The Penn Treebank Parts of Speech tag set differentiated between the base form of verbs (VB), and the non-3rd person singular present form (VBP).
Consider the following cases, with the different uses of rise:
base form: The share price will rise.
non-3rd person singular present: The share prices rise.
In both cases the forms are the same.
All the examples I have seen of verbs where that is not true, are with verbs that can be considered (by some definition) to be modal and/or auxiliary. Such as: be, am, are, is, was, were, being, can, could, do, did, does, doing, have, had, has, having, may, might, must, shall, should, will, or would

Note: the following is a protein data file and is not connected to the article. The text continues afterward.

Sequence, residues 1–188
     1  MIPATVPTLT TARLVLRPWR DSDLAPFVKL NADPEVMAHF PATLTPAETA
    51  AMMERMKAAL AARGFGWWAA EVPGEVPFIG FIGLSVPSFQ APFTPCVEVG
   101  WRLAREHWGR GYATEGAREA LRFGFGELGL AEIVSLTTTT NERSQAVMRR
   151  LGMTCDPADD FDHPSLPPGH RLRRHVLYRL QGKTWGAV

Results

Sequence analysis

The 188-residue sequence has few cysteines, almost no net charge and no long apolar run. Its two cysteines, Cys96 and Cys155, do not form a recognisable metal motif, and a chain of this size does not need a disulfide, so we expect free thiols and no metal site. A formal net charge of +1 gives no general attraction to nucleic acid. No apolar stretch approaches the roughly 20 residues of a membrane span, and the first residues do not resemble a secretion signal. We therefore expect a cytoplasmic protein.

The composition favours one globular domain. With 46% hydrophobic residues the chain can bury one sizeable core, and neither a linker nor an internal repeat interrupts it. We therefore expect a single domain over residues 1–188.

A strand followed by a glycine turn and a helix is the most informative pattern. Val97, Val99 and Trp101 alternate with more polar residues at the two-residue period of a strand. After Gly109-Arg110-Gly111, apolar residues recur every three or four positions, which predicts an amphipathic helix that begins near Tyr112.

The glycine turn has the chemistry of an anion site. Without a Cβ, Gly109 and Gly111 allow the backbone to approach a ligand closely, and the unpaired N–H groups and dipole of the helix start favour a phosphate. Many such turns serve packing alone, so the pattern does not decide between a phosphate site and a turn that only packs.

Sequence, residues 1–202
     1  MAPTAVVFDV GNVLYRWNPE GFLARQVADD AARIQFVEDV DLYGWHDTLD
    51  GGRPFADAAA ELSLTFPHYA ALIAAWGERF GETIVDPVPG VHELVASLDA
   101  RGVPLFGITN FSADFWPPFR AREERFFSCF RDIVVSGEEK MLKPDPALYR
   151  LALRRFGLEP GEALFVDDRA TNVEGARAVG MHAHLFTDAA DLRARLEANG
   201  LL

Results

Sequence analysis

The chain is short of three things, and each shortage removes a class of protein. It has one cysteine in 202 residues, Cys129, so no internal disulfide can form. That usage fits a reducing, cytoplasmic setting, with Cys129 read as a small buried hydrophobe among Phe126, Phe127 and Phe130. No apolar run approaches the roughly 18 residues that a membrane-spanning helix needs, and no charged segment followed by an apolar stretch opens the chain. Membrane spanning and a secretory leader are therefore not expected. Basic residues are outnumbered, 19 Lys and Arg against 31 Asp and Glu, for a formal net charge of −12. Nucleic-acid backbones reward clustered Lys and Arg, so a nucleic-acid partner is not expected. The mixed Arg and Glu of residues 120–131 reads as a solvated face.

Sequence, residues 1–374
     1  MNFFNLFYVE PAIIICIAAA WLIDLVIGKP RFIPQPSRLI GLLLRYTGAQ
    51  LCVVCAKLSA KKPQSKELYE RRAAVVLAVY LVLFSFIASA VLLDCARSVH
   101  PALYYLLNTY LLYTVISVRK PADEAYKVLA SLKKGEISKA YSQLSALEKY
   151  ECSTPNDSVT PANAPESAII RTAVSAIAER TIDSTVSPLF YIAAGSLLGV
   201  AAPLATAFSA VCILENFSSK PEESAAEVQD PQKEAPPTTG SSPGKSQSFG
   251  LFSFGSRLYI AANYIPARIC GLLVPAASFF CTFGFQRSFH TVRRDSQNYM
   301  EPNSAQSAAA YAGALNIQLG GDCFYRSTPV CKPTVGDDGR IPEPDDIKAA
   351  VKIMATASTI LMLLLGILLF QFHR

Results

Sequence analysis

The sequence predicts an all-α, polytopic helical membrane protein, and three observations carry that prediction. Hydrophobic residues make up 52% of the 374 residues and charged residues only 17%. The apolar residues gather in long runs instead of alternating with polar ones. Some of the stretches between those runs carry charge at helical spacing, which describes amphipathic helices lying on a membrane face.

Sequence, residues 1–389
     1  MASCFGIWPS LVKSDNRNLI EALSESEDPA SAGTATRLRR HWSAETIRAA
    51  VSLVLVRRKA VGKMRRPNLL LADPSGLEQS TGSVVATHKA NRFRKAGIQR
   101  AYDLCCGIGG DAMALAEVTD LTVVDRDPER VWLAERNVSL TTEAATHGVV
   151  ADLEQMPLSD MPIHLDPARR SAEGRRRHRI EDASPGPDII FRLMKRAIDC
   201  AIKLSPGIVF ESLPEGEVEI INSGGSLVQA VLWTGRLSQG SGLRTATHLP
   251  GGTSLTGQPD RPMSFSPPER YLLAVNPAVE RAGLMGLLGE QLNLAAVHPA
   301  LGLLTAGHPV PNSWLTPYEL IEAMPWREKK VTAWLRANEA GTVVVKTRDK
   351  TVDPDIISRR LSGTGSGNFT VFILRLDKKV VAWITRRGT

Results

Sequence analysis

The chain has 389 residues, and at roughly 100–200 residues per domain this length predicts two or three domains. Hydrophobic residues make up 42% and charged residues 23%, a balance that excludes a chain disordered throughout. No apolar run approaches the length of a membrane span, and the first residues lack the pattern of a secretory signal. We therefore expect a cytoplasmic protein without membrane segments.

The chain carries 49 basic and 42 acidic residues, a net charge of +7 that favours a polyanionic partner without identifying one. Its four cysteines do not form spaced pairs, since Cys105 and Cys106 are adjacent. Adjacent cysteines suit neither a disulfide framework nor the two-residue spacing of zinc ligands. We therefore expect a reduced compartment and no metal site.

Are there examples of words from outside my modal/auxiliary list, of non-3rd person singular present forms that are different from their base forms?
I would particularly appreciate referenced answers, sourcing any statements about their nonexistence/rarity.